Like many of the choices in this article, it has an angular style about it. The lowercase ‘a’ is identical (or almost) to its monospace counterpart—which sets this typeface apart.

Uxum Grotesque

Uxum features a more subtle approach to ink traps. They have the depth of other typefaces, but are much finer. It creates a nice harmony and allows for unique characteristics—which sets itself apart from your Circular and FF Mark styles.


Polysans is similar to Uxum, in the sense it has much finer ink traps. It has a Helvetica feel about it, especially with lighter weights. The difference being it comes with proper italics.

Covik Sans / Mono

The final OH no Type Co. option and it’s a push to include this as it doesn’t feature ink traps. It has a contrast to suggest, which is why I want to include it. It’s different to a lot of the type in this article too.

F37 Jan

If you’re looking for geometric type, then look no further than F37 Jan. It’s inspired by Matthew Carter’s Bell Centennial and Jan Tschichold’s Untitled Sans Serif—which makes for a great blend of styles.

The one thing I’d like to see is heavier weights as part of the set.

Tomato Grotesk

A typeface with a few unique properties of its own along with the ink traps. The double storey ‘a’ and lowercase ‘k’ have a unique style to them compared to others in this post.

Google Fonts

The availability of ink trap typefaces on Google Fonts is pretty good. There are a fair few options that compete with premium ink trap typefaces found within this article.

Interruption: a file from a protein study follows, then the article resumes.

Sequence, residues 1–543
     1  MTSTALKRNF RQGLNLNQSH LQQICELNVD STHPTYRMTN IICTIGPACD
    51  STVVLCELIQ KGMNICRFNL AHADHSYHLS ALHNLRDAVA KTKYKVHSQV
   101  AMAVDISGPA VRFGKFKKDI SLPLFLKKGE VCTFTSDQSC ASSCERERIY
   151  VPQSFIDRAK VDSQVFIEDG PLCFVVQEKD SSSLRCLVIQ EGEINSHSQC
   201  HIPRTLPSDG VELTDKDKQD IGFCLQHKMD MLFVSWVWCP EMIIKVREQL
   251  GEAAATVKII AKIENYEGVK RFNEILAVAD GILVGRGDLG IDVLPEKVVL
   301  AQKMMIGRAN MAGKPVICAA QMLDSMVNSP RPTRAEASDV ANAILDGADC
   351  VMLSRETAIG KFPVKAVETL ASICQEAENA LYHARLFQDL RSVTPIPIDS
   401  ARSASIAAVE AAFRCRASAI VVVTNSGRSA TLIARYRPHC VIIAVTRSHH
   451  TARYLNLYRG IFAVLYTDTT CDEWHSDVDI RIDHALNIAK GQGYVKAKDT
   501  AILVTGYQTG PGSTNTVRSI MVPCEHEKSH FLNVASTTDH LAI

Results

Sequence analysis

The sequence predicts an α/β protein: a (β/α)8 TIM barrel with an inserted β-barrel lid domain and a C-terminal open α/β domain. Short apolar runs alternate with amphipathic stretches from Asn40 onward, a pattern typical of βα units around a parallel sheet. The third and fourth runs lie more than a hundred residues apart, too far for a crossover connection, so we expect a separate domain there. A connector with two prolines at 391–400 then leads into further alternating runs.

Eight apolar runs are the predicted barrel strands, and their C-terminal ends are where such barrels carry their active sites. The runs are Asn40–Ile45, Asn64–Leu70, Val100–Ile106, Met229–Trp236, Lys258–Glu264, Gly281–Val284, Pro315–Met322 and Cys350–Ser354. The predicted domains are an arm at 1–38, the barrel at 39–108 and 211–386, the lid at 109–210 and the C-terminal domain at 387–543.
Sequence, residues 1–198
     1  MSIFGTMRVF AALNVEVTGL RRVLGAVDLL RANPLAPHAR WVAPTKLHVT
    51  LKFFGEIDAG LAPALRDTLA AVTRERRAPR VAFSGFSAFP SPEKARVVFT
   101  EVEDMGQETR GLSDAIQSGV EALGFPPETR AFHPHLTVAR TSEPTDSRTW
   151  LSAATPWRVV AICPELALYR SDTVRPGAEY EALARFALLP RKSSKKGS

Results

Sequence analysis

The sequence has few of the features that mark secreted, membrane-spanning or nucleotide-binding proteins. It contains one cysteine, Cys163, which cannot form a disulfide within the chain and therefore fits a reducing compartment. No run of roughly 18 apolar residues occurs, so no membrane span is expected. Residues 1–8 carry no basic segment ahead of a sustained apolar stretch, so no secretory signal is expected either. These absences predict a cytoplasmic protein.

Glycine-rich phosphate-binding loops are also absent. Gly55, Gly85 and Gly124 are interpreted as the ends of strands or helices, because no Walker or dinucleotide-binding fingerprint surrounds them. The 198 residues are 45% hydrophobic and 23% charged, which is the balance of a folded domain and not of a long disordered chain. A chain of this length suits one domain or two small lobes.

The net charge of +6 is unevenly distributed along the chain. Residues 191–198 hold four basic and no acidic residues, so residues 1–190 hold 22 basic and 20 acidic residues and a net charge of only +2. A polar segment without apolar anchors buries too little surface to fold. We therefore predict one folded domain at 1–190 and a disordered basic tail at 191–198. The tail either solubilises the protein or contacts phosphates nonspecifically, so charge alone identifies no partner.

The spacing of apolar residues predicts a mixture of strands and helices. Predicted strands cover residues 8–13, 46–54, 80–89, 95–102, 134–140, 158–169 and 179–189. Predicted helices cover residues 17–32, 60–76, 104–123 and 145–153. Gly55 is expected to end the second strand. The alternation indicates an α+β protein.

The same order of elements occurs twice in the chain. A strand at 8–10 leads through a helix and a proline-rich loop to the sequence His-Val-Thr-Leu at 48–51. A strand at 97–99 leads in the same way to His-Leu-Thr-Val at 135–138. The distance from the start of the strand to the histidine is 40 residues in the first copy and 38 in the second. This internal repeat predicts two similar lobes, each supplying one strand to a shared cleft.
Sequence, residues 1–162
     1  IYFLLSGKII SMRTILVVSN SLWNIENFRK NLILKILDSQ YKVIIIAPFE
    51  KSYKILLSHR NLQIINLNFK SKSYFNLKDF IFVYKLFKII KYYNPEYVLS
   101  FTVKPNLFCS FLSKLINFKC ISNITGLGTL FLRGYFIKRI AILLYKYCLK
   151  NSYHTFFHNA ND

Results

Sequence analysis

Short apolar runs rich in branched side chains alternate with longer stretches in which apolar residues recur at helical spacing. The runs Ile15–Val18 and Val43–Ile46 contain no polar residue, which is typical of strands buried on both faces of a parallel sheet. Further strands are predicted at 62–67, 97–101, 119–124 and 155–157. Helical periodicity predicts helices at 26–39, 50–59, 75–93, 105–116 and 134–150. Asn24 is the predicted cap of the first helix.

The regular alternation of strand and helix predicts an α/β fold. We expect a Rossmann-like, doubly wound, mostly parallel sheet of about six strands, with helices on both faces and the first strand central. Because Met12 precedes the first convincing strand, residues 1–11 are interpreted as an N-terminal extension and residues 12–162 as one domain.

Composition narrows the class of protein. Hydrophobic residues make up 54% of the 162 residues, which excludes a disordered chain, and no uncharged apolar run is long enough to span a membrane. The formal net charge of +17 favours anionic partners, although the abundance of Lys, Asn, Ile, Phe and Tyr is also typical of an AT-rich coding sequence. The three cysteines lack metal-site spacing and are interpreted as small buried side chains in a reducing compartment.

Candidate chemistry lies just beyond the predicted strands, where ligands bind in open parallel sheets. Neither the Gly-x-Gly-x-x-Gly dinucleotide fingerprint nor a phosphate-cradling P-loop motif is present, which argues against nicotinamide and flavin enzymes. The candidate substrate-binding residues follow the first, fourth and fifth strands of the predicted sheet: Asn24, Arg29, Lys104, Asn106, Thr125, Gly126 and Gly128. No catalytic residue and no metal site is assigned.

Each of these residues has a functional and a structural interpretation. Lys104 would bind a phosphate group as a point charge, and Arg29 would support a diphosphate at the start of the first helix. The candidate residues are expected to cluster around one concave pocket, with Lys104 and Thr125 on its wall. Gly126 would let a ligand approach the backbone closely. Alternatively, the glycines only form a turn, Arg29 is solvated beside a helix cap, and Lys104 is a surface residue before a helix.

Bricolage Grotesque

I’ve seen this used quite a lot, it’s very popular lately and has the strongest ink trap personality of all the Google Font examples. It has a similarity with Whyte Inktrap in terms of the prominent ink traps. But otherwise it has quite a fun look and feel.

Spline Sans

This reminds me a lot of Degular, but there are some subtle differences between the two. If you look closely at the ‘e’ you’ll see where the crossbar joins it’s completely rounded—a nice detail that’s characterised in other letters too.

Spline Sans Mono

The mono space version of Spline Sans, also a variable typeface.


Anek is a variable typeface, there’s a good variety of weights and styles. It feels like a fairly balanced typeface with quite a large x-height that would be good for either headings or paragraphs.


A subtle example again particularly in lighter weights. I like the uniqiue ascenders on the lowercase ‘y’.

DM Sans

DM Sans is another example that’s pushing it, but it has a subtle tapering at the joins. I like the flatness of the double storey ‘a’.

Pathway Extreme

There’s a uniqueness to Pathway Extreme deep angular cuts that differ from typical ink traps. The thinner crossbars add personality if you were to use it as a display choice.

What’s the purpose of an ink trap

Ink traps retain legibility at smaller sizes in print. They’re carefully designed parts of type, which disappear when printed—due to the ink bleeding and filling in the gaps.

While it may display a certain way on screen, the appearance will change when printed. If you pay attention to printed material and notice the type isn’t as crisp as it could be, this could be down to the choice of typeface.

What’s this got to do with websites?

It can serve the same purpose on the web. Looking at the examples at smaller type sizes, ink traps help by opening spaces in the letters further. This can make legibility better at those sizes.

A style that’s grown on me

As I reflect on it, it’s a nice response to the “plainer” sans serif typefaces that have dominated since 2015 give or take. It gives us more creative options for our designs without hindering legibility and readability of some of the more experimental typefaces out there.

Nonetheless, it’s an interesting use of a design detail that otherwise fulfilled a purpose. It’s grown on me and I feel it’s going to gain more popularity than it already has.